Finger Stick Blood Test Detects Early Signs of Heart Attack Before it Occurs – Critical Care

Image: Microdevice designed to detect blood clots may pick up early signs of heart attack (Photo Courtesy of Pexels)

Image: Microdevice designed to detect blood clots may pick up early signs of heart attack (Photo Courtesy of Pexels)

Heart attacks and strokes are the world’s leading cause of death. Many are caused by blood clots that block blood flow to the heart, often in at-risk individuals without any physical warning. However, long before a heart attack or stroke occurs, small changes in the blood begin to take place. Often, blood flow is disrupted, leading to blood clotting and inflammation that can clog blood vessels. Now researchers are developing a biomedical microdevice to detect these subtle changes in platelets before a heart attack or stroke occurs.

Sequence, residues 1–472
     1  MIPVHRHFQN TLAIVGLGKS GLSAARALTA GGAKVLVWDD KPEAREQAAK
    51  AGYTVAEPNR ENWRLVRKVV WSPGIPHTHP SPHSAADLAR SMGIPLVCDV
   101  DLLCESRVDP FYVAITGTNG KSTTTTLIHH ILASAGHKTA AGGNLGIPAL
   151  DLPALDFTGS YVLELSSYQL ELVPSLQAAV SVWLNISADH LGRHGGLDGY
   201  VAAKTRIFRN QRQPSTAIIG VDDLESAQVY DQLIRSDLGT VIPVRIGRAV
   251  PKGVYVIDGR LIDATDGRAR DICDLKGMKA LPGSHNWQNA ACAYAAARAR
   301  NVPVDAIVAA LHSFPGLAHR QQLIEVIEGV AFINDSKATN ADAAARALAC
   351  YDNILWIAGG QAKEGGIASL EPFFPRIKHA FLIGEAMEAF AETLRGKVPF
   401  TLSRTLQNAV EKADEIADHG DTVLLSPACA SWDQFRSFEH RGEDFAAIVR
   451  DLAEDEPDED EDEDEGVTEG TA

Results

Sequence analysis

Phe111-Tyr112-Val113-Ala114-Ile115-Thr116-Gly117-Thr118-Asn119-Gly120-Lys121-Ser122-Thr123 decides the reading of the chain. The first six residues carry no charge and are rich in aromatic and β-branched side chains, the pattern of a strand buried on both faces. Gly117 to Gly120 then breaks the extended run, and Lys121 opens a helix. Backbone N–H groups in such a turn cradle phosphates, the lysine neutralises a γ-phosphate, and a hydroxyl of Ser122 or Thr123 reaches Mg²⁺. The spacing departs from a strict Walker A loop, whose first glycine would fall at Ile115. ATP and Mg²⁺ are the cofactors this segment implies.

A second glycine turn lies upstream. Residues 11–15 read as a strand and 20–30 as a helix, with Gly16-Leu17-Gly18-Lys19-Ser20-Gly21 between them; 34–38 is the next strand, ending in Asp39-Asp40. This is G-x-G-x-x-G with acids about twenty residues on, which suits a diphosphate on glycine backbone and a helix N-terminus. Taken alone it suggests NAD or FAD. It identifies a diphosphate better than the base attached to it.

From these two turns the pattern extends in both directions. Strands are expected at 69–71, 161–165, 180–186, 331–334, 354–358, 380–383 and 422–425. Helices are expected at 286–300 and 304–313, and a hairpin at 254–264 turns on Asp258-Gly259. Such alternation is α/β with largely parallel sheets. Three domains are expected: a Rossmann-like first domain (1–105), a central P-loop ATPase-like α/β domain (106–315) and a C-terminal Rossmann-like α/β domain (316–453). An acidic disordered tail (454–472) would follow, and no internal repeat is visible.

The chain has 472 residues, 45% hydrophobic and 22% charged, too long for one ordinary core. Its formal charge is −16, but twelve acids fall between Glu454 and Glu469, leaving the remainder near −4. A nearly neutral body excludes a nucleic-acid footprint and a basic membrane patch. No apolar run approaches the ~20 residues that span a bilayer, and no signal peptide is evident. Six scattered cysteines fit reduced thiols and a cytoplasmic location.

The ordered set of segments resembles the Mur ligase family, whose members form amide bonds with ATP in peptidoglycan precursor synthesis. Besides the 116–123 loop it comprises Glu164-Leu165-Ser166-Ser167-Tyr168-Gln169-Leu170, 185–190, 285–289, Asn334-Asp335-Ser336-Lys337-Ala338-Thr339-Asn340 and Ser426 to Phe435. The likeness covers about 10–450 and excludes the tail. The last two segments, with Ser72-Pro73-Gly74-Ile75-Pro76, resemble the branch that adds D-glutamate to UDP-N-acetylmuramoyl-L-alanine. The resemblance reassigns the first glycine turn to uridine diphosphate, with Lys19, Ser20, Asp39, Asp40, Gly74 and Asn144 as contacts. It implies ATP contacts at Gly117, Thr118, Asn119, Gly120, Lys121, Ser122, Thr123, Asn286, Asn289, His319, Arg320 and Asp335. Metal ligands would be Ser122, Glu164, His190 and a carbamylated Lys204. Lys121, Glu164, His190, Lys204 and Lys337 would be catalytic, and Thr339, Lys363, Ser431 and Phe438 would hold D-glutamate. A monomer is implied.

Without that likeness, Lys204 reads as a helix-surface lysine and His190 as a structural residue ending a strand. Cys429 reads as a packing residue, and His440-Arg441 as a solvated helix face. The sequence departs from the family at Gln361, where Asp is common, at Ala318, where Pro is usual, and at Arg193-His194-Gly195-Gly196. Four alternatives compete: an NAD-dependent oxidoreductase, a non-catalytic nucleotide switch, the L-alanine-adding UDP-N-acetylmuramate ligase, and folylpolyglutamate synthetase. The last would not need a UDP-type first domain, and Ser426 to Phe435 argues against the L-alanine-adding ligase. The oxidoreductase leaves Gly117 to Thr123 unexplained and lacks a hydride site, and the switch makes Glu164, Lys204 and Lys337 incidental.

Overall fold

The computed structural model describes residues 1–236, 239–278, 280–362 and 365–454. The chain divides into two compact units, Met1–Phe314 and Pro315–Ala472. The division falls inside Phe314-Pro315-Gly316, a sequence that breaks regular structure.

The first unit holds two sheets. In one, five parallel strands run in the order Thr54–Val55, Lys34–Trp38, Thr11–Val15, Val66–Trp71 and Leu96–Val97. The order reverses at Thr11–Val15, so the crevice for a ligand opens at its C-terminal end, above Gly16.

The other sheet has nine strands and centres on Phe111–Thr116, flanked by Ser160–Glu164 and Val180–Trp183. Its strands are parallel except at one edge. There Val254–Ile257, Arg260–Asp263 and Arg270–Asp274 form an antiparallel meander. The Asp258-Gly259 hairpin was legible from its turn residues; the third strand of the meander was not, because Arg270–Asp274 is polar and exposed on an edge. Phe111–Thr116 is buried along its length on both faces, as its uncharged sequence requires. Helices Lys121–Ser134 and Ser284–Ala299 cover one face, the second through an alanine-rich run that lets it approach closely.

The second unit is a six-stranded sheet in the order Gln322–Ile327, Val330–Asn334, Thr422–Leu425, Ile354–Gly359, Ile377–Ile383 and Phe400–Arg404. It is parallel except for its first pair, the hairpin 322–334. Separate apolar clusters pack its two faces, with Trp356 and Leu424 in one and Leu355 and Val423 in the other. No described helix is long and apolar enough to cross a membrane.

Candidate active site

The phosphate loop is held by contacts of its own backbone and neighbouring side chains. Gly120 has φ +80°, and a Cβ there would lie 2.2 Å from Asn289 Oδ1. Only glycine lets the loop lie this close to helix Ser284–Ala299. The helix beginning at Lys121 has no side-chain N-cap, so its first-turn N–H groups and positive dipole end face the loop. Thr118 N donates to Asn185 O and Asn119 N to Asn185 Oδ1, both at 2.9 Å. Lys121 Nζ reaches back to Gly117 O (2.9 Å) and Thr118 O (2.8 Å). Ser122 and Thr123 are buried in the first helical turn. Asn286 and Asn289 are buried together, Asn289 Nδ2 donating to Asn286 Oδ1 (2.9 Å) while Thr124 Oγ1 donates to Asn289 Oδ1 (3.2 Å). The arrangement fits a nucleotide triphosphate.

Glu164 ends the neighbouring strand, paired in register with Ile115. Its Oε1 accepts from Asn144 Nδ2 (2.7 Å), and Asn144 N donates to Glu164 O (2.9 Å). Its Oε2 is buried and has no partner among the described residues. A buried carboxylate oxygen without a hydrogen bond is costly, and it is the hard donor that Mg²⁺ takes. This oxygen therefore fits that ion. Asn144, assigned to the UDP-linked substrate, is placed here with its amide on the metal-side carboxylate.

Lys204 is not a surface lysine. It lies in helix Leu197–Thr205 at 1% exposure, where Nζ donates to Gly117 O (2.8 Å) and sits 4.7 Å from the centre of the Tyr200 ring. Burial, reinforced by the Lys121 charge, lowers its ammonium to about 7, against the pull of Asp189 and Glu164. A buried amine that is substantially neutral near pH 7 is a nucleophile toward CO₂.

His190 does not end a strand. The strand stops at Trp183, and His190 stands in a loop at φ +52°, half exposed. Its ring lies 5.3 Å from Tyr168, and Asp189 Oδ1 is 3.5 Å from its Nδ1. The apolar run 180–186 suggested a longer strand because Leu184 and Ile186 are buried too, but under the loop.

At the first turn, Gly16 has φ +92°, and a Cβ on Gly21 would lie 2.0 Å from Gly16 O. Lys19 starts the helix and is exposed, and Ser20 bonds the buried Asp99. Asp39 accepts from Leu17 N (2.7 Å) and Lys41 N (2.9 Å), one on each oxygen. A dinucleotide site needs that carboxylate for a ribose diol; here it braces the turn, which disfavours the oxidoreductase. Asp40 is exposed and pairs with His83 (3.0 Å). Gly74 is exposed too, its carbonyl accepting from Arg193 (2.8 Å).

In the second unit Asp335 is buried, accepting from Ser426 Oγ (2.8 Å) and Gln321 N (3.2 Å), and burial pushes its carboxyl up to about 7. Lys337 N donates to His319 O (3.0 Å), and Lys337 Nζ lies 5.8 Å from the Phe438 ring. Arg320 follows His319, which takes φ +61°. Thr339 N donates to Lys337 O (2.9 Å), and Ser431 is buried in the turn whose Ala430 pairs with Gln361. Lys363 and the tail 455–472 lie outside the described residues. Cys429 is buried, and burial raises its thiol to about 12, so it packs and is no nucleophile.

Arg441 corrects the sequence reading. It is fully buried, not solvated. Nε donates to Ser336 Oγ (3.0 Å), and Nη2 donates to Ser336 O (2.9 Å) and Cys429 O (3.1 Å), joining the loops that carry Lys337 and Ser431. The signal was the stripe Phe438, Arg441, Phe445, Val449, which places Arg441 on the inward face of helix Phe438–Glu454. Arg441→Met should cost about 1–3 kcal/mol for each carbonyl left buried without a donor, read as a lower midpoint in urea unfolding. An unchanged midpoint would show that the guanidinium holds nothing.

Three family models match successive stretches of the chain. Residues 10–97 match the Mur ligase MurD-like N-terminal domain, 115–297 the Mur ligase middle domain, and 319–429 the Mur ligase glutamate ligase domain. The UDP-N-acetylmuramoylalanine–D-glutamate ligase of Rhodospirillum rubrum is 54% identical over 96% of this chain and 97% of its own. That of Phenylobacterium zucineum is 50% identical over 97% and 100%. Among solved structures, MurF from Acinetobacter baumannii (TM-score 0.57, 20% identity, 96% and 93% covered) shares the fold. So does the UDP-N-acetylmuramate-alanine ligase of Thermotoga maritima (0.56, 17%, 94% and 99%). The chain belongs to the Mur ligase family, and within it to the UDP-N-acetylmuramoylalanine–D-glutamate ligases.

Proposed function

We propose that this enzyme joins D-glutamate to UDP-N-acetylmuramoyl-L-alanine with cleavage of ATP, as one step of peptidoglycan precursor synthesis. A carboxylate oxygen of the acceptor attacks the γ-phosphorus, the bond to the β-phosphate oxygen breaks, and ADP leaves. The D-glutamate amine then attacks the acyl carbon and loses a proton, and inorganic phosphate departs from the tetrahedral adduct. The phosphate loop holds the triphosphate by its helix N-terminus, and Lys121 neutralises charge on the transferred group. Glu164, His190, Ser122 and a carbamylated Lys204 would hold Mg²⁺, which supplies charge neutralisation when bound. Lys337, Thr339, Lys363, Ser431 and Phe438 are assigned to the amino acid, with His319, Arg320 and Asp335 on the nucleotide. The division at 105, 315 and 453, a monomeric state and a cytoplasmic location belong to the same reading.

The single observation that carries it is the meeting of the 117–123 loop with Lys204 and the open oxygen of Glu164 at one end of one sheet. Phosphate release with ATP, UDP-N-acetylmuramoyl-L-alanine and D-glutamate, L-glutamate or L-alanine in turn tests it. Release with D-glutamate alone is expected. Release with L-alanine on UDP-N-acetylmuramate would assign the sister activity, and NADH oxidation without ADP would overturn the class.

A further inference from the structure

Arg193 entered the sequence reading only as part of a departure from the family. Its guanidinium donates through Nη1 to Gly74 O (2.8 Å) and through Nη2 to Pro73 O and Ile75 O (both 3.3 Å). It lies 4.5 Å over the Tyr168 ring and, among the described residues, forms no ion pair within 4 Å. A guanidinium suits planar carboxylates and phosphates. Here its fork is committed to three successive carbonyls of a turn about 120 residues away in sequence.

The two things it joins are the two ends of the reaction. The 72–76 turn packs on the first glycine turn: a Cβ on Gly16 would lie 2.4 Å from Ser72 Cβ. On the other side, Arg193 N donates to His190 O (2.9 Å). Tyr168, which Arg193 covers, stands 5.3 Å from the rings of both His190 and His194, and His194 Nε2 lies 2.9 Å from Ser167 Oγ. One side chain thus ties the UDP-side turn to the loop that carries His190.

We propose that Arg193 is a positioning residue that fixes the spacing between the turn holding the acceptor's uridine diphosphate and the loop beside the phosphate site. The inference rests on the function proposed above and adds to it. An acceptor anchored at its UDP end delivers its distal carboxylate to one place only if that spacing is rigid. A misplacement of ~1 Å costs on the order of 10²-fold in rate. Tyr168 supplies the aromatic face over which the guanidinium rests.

Using a pinprick test, the microdevice developed by scientists at the University of Sydney (Sydney, Australia) would take a blood sample from a person’s finger. The sample would then be analyzed for platelet clotting and white cell inflammatory responses, information that would be immediately processed by an external operating system. The scientists will undertake further technical development for the microdevice, which is based on an integrated microfluidic chip. The team is also building highly sensitive computational fluid dynamics simulations to better understand the impact of mechanical forces that can lead to blood pooling and clots.

“How this device would work is that a person at risk, say someone with a heart condition, would use it on a daily basis. Using a fingerstick test, the device would monitor their blood and alert them to potentially dangerous changes. If a change was detected, they would they should present for more monitoring in a hospital,” said Dr. Arnold Lining Ju, an award-winning biomedical engineer from the University of Sydney’s Nano Institute and School of Biomedical Engineering.

Research assistant Laura Moldovan said it has historically been difficult to predict when a heart attack or stroke might happen: “They seem to happen randomly, sometimes without physical symptoms, but in fact there are small physical changes that occur in the blood — the key. until this device is capable of sensitively tracking these microscopic changes.”

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